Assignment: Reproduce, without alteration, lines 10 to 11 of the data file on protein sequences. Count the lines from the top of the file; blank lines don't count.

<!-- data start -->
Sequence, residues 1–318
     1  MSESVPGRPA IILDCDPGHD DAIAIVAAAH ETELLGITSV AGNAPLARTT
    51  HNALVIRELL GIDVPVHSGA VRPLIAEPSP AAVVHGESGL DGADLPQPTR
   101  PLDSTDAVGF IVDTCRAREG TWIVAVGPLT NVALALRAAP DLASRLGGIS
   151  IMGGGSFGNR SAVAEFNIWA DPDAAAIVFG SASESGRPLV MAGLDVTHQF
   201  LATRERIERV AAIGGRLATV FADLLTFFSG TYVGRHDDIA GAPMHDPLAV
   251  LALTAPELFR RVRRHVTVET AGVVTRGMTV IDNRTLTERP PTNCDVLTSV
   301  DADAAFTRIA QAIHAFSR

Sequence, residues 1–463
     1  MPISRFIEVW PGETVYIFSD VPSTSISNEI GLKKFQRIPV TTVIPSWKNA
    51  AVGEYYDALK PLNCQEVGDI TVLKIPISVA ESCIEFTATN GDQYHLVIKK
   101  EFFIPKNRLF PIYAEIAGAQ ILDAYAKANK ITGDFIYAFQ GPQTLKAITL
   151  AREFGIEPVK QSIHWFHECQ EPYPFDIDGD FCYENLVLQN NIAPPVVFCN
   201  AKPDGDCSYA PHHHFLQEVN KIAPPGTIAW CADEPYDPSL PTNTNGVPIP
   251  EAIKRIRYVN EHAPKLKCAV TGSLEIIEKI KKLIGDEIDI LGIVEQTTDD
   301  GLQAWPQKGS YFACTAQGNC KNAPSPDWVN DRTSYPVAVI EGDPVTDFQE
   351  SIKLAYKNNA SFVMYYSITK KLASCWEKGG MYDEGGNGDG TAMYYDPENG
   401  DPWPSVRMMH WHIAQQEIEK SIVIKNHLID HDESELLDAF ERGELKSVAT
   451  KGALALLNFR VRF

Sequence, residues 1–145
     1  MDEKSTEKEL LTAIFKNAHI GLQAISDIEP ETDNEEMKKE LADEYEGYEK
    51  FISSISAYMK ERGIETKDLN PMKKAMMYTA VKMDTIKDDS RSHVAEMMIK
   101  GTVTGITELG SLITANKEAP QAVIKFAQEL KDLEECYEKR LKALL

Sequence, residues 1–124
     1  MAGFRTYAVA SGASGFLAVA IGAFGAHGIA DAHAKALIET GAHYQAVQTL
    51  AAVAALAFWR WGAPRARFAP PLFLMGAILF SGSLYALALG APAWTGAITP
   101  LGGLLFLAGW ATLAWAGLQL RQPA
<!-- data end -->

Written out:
     1  MPISRFIEVW PGETVYIFSD VPSTSISNEI GLKKFQRIPV TTVIPSWKNA
    51  AVGEYYDALK PLNCQEVGDI TVLKIPISVA ESCIEFTATN GDQYHLVIKK